I’ve held a lot of jobs in my life — from summarizing old Doctor Who episodes in my teens to a five-year stint as a sex columnist — and everyone one of them has been done via telecommuting, a situation that has always suited my introvert personality. I’ve never met most of my bosses in person, and when it comes time to do on-the-ground hand-shaking to further a project, I always fear that I’ll panic, accidentally say something offensive or strange, and then have to flee like I’m escaping a house fire. Networking is not, shall we say, my forte — but despite all that, I know how to get important networking done without causing a diplomatic incident or requiring my own disappearance from the country.
And it’s important that you learn how, too. From college onwards — indeed, in some cases earlier — you’ve probably heard messages about the importance of building a professional network. You may imagine that this leads to piranha-ish cocktail parties where everybody circles each other, trying to figure out how they can feed off everybody else. Those kinds of parties do exist — but they are the exception, not the rule, and you shouldn’t avoid networking just because you fear it will always be like that. Especially because, later in life, networking becomes an asset, no matter what career path you choose: your next cool job, opportunity to contribute to an amazing project or invitation to do something insanely awesome could come from it. So yes, even introverts need to do it, but no, it isn’t going to kill or exhaust you — as long as you strategize properly.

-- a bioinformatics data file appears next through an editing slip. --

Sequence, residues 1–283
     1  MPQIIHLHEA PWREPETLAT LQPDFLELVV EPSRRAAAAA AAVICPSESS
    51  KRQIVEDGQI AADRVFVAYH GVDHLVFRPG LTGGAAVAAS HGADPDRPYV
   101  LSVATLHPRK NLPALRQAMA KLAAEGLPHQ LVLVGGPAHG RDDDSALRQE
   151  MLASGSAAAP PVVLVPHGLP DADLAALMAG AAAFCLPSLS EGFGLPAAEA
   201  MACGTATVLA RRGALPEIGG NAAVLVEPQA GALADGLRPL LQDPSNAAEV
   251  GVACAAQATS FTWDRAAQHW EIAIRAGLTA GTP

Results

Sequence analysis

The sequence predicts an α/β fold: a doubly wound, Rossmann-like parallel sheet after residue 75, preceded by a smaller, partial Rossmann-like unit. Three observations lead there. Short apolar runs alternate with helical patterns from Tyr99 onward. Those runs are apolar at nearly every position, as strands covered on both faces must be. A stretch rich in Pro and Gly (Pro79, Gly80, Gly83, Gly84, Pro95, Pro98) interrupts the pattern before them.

Here are nine ways to network when you’re also an introvert, taken from both research and my own life. And no, just going home and sleeping isn’t actually one of them (much as I wish it were).
1. Try To Go One-On-One As Soon As Possible
Chances are good that you’re much better at (and less easily exhausted by) interacting with someone one-on-one than you are at trying to draw someone’s attention in a huge crowd. So avoid those huge “networking” events where everybody wears name tags and looks faintly upset. If you’re in an industry where those gatherings are the norm, though, use them as an opportunity to collect numbers, emails and whatever — and then use them to arrange one-on-one meetings or phone conversations at a later point. Don’t be rude about it, but don’t worry; many people will be trying to talk to as many people as possible at the event, and they’ll be happy to keep your initial interaction brief.
2. Go For Social Media
If even one-on-one meetings are kind of stressful to you, you can try to take person-to-person interaction out of the equation altogether. Using social media will likely do less to drain your energy, so focus on having professional interactions on places like LinkedIn, GooglePlus, Twitter and anywhere else you can keep things short and snappy. The downside is that you’ll likely competing with a lot of other stuff for your future connection’s attention, so if you’re cold-connecting with them, make sure to reach out to them in a way that is memorable and smart.
3. Gather Friends For Support
If there’s absolutely no way you can get out of attending a professional event, bring along a friend for support. I do attend regular writer events where it’s possible to meet publishers or other awesome potential connections, and I hate the whole thing — unless I have a garrulous, charming extrovert friend on my arm, doing some of the work for me. Let an extroverted friend take on the social energy and act as your PR person: it makes you seem important, and it also gives you a little breathing space for when it’s time to make a connection yourself.